Drug regulators in the European Union have decided to limit the use of Xeljanz, months after a post-market safety study flagged pulmonary embolism and a higher death rate as possible safety signals for rheumatoid arthritis patients taking a 10mg-twice daily dose.
The European Medicines Agency’s (EMA) safety committee chose to impose the Xeljanz restrictions even though the trial data remains under review, an indication of the extreme concern surrounding the matter.
The new limits basically ban the 10mg twice-daily Xeljanz regimen for patients at heightened risk for blood clots in the lungs. This includes:
Doctors should also consider other factors that may increase the risk of blood clots in the lungs including age, obesity, smoking or immobilization.
“The new advice means that, since 10 mg is the only recommended starting dose for ulcerative colitis, patients with this condition who are at high risk of blood clots must not be started on Xeljanz,” the EMA said in a statement dated May 17th. “Patients at high risk currently taking this dose for any condition must be switched to alternative treatments.”
The new Xeljanz restrictions are temporary, at least for now. The EMA’s safety committee will continue to review all available evidence and provide updated guidance to healthcare providers and the public once that review is complete.
The U.S. Food & Drug Administration (FDA) initially approved Xeljanz (5 mg twice daily) to treat rheumatoid arthritis in 2012. Four years later, the agency cleared Xeljanz XR, an 11 mg, once-daily, extended-release tablet. Both Xeljanz versions were approved to treat adults with psoriatic arthritis in 2017, while the 10 mg twice-daily Xeljanz regimen was approved to treat ulcerative colitis in 2018.
The FDA ordered Pfizer, Inc. to conduct the post-market study referenced by the EMA when Xeljanz first came to market, as a condition of its approval. In February, Pfizer announced that preliminary results suggested 10mg twice-daily Xeljanz patients were 5-times more likely to suffer a pulmonary embolism compared to those treated with a tumor necrosis factor inhibitor and 3-times more likely compared to those on the 5mg twice-daily Xeljanz protocol.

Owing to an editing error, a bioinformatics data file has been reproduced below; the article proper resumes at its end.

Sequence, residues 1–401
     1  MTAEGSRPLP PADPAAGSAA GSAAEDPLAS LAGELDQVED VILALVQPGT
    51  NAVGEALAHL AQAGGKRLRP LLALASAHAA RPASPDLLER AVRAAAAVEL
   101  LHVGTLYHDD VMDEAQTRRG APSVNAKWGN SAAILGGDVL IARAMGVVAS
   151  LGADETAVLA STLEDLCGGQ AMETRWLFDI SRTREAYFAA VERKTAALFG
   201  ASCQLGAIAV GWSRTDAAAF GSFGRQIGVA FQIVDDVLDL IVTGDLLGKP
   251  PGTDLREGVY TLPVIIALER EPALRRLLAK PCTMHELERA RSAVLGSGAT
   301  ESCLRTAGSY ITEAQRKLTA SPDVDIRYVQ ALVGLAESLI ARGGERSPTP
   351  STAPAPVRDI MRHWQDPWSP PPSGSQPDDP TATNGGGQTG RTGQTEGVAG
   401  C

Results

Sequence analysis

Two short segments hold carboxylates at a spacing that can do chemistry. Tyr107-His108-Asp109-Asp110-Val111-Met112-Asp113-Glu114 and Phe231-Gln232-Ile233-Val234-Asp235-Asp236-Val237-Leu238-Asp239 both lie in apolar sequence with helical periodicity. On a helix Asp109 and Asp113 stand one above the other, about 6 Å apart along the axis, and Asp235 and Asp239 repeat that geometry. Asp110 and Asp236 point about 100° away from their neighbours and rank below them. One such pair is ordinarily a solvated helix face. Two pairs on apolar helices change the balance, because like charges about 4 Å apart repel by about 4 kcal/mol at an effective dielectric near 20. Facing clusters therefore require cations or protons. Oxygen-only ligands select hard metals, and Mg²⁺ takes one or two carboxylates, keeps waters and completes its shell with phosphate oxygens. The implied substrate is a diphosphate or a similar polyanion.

The higher-dose Xeljanz group also had more deaths from all causes compared to the study’s other patient groups.
The findings alarmed even Pfizer, which opted to transition all patients in the study’s high-dose Xeljanz arm to the lower dose protocol.
Days later, the FDA announced its own review. Although the agency hasn’t imposed Xeljanz restrictions similar to those in Europe, it did remind healthcare providers in the United States that the high-dose regimen is only indicated for ulcerative colitis.
Both the FDA and the EMA cautioned patients against stopping Xeljanz without first talking to their doctor, regardless of the dose. The regulators also urged Xeljanz patients to seek emergency medical attention if they experience signs or symptoms of a pulmonary embolism, including:
Pfizer’s post-market study will conclude in September 2019. The FDA is working with the company to evaluate other currently available Xeljanz safety data and will issue an update once its review is complete.